The Arizona desert to us is starkly beautiful at all times, but when touched by the magic of spring it becomes a land of enchantment. The weirdly beautiful cacti that dominate the landscape strangely resembles the vegetation of a past era, millions of years ago. ~Raymond Carlson and Claire Meyer Proctor, “Our Adventures In The Land Of The Flowering Cactus,” Arizona Highways, February 1965
Trillions of sun-gold and flame-red faces
Decorating earth’s desert places…
To cactus-wisdom mankind should bow,
Glorying in the here and now…
~Cleoral Lovell, “Kindred,” in Arizona Highways, March 1973
A tumble from the rocks would probably land us in a cactus—and anyone who’s ever tried to tangle with a teddy bear cactus knows there’s a whole lot more bear than teddy to it. ~Kevin Hearne, Hounded, 2011
Out west a favorite practice is
To brag about our cactuses,
Of which the west not only has the mostest,
But also those to skin and clothes
Inclined to stick the closest.
Opuntia warts have fuzzy hairs,
Some chollas look like teddy bears,
While others look like hatracks gone delirious.
All love the sun. There’s only one
That takes night-blooming cereus.
Out west we never miss a chance
To brag about our cactus plants,
A theme on which we may get stuck for hours;
But hold your scorn for spine and thorn
Till you’ve seen cactus flowers!
~S. Omar Barker, “Cactus, Anyone?,” in Arizona Highways, March 1973
Now meet the “devil” of the cactus characters. Pronounced “choy-ah,” Cholla is the common alias for Cylindropuntia. Cholla is a pretty word whether you say it or spell it. In Mexican it means “head.” In American Cholla means you’ll be sorry if you don’t use your head and not your hands in the study and appreciation of these notorious but strangely charming characters. Driving through Cholla country during the late afternoon or early morning hours one cannot help but be fascinated by the silhouetted backlighted forms whose outlines seem to glow like bright sparklers etching the dark stems in outline with their effervescent halo. It’s a tableau you won’t see anywhere else on earth. The desert stage seems strangely alive as each character appears to be stopped in motion, like the dancers in a bizarre ballet. ~Joseph Stacey, “Arizona… Premier Cactus State,” Arizona Highways, March 1973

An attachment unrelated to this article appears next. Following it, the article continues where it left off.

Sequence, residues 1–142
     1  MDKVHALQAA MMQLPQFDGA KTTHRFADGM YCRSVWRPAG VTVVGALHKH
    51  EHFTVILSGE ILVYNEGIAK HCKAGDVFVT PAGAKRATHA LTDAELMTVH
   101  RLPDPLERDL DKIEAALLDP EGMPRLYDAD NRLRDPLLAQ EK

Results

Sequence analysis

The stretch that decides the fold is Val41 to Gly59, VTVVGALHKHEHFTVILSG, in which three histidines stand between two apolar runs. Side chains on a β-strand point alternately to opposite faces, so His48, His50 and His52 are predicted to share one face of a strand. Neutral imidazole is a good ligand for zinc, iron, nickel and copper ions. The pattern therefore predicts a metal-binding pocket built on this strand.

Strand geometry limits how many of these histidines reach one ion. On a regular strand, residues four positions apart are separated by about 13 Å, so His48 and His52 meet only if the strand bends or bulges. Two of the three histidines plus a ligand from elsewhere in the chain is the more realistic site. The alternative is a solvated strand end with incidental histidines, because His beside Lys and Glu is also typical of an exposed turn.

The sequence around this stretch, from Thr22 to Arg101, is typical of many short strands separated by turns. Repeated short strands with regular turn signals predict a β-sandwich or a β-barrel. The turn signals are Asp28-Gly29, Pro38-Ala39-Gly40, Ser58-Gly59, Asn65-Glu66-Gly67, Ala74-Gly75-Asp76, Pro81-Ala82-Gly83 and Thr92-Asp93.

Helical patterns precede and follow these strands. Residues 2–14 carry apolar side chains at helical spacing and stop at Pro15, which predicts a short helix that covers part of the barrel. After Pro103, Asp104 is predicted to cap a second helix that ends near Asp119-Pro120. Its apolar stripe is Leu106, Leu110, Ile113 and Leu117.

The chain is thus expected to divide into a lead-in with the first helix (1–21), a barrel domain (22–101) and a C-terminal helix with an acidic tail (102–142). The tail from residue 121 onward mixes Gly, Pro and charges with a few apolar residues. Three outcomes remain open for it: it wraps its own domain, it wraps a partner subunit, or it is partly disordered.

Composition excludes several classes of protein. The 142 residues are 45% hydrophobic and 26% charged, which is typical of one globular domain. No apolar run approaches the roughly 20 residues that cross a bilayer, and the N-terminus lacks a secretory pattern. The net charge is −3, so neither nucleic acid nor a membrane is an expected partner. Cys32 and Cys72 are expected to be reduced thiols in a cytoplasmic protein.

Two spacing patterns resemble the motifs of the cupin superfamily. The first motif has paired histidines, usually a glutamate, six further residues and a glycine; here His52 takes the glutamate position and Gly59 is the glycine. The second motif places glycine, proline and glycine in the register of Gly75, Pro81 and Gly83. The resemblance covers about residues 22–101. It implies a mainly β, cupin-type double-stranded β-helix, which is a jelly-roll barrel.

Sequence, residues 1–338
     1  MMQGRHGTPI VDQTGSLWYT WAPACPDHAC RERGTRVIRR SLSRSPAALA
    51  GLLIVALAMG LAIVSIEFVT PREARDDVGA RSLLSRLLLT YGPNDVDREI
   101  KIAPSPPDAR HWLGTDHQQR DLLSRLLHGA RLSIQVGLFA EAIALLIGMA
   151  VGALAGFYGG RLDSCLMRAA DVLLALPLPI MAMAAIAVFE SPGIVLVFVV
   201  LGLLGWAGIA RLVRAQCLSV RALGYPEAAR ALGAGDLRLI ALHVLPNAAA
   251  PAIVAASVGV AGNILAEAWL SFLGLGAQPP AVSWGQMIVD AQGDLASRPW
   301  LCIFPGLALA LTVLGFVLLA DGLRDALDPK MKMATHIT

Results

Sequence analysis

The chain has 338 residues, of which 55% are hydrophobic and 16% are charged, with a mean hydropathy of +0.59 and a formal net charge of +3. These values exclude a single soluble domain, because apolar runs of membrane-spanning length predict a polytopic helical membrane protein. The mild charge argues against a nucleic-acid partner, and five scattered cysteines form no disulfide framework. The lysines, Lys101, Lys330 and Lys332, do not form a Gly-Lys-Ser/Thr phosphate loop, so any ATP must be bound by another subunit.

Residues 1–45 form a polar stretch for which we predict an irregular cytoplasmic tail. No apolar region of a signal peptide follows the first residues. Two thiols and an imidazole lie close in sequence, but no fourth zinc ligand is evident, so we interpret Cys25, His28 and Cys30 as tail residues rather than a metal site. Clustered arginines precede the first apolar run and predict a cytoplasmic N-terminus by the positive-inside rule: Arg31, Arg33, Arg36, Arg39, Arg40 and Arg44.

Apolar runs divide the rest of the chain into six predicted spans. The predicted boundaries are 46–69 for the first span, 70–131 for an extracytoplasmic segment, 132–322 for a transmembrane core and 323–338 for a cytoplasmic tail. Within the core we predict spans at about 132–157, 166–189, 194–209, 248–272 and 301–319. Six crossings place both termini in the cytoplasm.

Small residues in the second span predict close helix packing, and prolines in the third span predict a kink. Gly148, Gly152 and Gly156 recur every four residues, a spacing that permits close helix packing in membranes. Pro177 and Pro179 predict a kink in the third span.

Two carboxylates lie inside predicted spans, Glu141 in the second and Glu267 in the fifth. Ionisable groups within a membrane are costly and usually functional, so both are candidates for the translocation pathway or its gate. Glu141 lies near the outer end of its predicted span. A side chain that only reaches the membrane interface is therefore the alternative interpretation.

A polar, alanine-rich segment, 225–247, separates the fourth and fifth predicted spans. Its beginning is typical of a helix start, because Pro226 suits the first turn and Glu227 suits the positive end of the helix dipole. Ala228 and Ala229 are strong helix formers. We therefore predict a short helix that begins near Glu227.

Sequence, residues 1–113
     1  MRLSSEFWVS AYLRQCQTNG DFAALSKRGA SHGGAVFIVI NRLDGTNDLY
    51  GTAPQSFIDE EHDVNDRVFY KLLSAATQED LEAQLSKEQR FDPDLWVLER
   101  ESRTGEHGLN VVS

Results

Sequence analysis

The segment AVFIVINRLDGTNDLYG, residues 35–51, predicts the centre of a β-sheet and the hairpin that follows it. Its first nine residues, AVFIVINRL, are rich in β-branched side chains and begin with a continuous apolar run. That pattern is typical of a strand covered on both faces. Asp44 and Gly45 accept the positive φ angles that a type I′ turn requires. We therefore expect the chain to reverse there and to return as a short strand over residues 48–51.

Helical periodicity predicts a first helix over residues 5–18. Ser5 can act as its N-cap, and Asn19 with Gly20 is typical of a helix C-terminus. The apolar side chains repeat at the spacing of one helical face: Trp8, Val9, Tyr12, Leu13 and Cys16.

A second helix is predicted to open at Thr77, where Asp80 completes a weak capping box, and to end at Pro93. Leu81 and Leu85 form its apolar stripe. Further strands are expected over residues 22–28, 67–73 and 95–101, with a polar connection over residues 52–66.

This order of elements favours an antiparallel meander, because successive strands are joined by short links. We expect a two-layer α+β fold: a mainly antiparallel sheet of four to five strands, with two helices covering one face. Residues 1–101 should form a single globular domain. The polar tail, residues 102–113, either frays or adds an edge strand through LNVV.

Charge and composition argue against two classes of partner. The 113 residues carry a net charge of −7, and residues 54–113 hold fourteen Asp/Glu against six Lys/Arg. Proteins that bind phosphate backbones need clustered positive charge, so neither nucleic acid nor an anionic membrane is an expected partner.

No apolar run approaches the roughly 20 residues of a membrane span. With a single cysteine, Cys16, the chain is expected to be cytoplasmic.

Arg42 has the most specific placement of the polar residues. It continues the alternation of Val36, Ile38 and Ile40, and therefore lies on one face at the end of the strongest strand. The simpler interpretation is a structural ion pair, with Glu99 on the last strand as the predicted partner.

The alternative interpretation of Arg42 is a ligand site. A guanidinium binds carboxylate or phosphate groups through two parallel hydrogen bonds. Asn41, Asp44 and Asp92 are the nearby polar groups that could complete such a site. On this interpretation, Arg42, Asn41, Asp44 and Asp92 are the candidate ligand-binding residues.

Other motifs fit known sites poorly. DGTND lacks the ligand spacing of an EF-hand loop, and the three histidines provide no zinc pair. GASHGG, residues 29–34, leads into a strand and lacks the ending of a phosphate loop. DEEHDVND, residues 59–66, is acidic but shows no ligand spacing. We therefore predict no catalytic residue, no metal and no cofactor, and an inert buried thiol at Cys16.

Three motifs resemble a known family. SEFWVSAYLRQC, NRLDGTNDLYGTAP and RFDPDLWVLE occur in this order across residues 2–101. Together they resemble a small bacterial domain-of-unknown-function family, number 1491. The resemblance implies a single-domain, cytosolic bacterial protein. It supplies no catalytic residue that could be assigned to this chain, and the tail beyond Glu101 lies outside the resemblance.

He’d always had a quickening of the heart when he crossed into Arizona and beheld the cactus country. This was as the desert should be, this was the desert of the picture books, with the land unrolled to the farthest distant horizon hills, with saguaro standing sentinel in their strange chessboard pattern, towering supinely above the fans of ocotillo and brushy mesquite. Because there had been some winter rain, the desert was in bloom. The saguaro wore creamy crowns on their tall heads, the ocotillo spikes were tipped with vermilion, and the brush bloomed yellow as forsythia. ~Dorothy Belle Hughes (1904–1993), The Expendable Man, 1963
In thorned regions
Stand the ranks
Of patient cactus
Watching with vegetable
The deserts’ dying
The winds’ empty voice
In well meant ignorance
~Steve Coppinger, “Cactus and the Cottonwood,” in Arizona Highways, October 1971
Arizona is a state generously endowed with spectacular scenic beauty, gorgeous sunsets, lavishly colored landscapes and impressive cloud formations. There are many who contend, however, the state’s most prized and cherished gems of beauty are the cactus blossoms which are found in practically every part of the state. Even the ugliest cactus plant becomes a thing of radiant beauty when it comes under the miracle touch of spring. ~Raymond Carlson, “The Fairest Flowers of Them All,” Arizona Highways, February 1965
A shadowy dance,
While pixies prance,
And chollas sway.
Black arms swirling,
As west winds play.
~Gertrude J. Hager (b.1886), “Dancing Cholla”
When other plants were dying in the heat,
And disappearing, one by one, from sight,
You stood your ground, acknowledged no defeat,
And patiently and slowly won the fight.
When Nature had refused to promise more
Moisture, you set your sure and sturdy will,
And built yourself a private plant to store
Your own supply. It is effective still.
You faced the threat and calmly flung your dare
At cloudless sky, bright sun, and burning sand.
Not for a rainy day did you prepare,
But for a dry one in an arid land…
~Clarence Edwin Flynn, “To a Cactus Plant,” in Arizona Highways, March 1973